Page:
There is more to a bond fund than meets the eye. Building a diversified mutual fund portfolio will often require the addition of some type of bond fund. To what degree depends on your risk tolerance, investment objective, and time horizon (how long you intend to be invested). Bonds are typically viewed as a more stable investment when compared to stocks but that isn’t to say they are risk free. Here are two concepts every bond investor should understand.
The duration of a bond mutual fund measures the fund’s sensitivity to changing interest rates. Bond values, in general, change according to prevailing interest rates. If interest rates rise, bond values decline. When interest rates decline, bond values typically rise. The higher the duration of a bond mutual fund, the greater its sensitivity to interest rates. As a rule of thumb, for every 1% change in interest rates, the value of a bond fund will change by the duration of that fund. Let’s assume an intermediate term bond fund has a duration of 4. If interest rates rise by 1%, the value of that fund will decline by 4%. This is often a rude awakening for bond investors looking for lower risk or stable returns.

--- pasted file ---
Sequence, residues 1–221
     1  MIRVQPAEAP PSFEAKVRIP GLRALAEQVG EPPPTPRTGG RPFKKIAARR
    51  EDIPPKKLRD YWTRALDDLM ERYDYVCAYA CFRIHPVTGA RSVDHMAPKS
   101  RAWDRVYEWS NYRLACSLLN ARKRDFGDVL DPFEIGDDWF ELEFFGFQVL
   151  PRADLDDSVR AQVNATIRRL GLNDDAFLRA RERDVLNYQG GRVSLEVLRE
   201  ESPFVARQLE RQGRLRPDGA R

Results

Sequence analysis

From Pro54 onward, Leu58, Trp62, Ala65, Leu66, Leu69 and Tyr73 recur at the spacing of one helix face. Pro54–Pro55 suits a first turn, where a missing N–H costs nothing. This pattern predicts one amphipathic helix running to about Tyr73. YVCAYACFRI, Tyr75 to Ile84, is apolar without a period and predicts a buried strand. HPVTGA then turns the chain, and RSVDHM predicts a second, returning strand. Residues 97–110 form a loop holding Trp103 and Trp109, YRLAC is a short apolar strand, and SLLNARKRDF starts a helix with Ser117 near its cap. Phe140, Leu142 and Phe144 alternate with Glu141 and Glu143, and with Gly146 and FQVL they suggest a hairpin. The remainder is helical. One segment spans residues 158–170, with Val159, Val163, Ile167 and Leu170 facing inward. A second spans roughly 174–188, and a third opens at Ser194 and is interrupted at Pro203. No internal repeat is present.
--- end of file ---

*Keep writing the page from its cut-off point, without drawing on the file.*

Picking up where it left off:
This very important measure of a bond is the likelihood of default by the bond issuer. Just like not all mortgage applicants are the same credit risk, the same can be said of companies and governments, all of which borrow money. Credit quality has been the domain of agencies like Standard & Poors, Moody’s, and Fitch. These are the major ones and they all have faced much criticism regarding bonds they stamped with AAA ratings that were backed by sub prime mortgages during the housing boom. Despite this debacle, there is still a need to measure credit risks of bond issuers. More importantly, investors need to understand the differences between funds that invest in highly rated bonds versus high yield (a.k.a junk bonds). Many investors get enticed by high yield bond funds and that can have terrible consequences if the intent was to add bonds to reduce risk. Think of credit quality as follows:
1. Higher credit quality equals less risk of default and lower potential return
2. Lower credit quality equals higher risk of default and higher potential return
In general, if you’re trying to reduce risk in your portfolio be careful about adding bonds to the mix. That is not say don’t add bond funds, but be careful of the type. They are not all the same. Don’t be tempted by the term “high yield.” High yield means low credit quality (junk) and higher risk of loss. You should expect bond funds to typically decline in value during periods of rising interest rates and to rise in value during periods of declining interest rates.
Having a basic understanding of duration and credit quality will go a long way toward avoiding costly mistakes.
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